Lo and behold, that morning, there was a brand new listing...less than 12 hours old. A listing that was in my price range, with beautiful pictures, in the precise area I wanted to live in (The House was not in my original desired location area), and contained all the must haves Lex and I had identified for ourselves several months ago. Even though my heart was downtrodden, Hark! A small beacon of hope!
I e-mailed Courtney the link and said, "While I will certainly honor the full 48 hours I gave the sellers, it's time to start looking again and we need to start with this house. Send me the MLS information."
I looked at what she provided which only confirmed my belief that it was a property worth a closer look. She arranged for me to see it that afternoon at 4 p.m. - 2 hours before the 48 hours were set to expire on THE HOUSE.
Just before I arrived at the prospective property, Courtney called THE HOUSE's agent and told him he was out of time and he'd better have something "meaty" to convey. He said, "I just got off the phone with the HOA. The lien has been negotiated down to zero. They will keep the restricted covenant in place but that's no big deal, right? I mean, what a shame for your buyer to back out now when we're so close."
Courtney didn't tell me about this conversation until after we'd crawled all over the new property, falling more in love with it with each step we took.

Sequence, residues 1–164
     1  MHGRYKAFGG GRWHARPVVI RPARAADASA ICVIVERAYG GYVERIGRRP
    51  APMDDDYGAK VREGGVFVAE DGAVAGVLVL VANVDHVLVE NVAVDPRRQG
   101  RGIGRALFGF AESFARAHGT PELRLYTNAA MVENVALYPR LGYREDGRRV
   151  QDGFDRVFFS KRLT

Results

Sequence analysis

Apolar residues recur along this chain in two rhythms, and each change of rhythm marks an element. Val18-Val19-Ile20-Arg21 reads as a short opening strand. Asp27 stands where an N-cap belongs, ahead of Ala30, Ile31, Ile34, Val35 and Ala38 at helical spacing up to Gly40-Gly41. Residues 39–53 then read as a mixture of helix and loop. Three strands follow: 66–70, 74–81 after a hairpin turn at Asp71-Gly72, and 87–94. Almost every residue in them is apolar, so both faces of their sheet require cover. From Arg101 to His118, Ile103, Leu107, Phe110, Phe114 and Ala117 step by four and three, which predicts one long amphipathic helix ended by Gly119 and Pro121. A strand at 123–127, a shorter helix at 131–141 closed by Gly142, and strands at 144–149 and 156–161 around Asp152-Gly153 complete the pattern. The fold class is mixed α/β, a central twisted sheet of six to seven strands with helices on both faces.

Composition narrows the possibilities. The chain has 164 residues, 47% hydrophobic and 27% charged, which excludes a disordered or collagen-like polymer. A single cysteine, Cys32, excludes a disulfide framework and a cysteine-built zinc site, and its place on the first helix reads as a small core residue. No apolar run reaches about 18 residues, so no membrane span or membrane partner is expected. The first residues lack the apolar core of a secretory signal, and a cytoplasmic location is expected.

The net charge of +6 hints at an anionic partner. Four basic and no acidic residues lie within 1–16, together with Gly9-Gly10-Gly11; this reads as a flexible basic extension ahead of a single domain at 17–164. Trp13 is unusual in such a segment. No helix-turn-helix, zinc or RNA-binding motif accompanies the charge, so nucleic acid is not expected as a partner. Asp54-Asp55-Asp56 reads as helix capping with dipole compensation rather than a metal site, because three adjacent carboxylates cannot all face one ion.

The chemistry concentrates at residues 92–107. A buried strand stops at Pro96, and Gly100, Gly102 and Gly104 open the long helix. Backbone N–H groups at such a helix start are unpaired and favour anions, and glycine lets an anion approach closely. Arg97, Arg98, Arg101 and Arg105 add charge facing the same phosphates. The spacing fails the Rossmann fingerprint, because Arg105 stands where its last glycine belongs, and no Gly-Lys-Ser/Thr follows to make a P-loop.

It wasn't quite perfect. But no house ever is...not even THE HOUSE. It didn't have the Mormon pantry. It didn't have the attached garage. It was smaller by several hundred square feet.
But it had personality. And it had obviously been well-loved and well-maintained. It still had a 2-car garage (albeit unattached) and it still had space for me to have an office on the main floor which, in hindsight, is a much better, less isolated place for me to spend the bulk of my time.
And, after I was thoroughly, hopelessly in love with it, Courtney told me about her conversation with the other house's agent. What I felt like saying at that point, and probably did say to Courtney privately, was, "It's not a shame that I'm backing out of the contract thisclose to short sale approval. What's a crying shame is that, because they are all LIARS, they wasted my time. If they'd disclosed the lawsuit and the restricted covenant at the get go, I would have been much much more likely to work with them. Instead, they lied. Fuck them."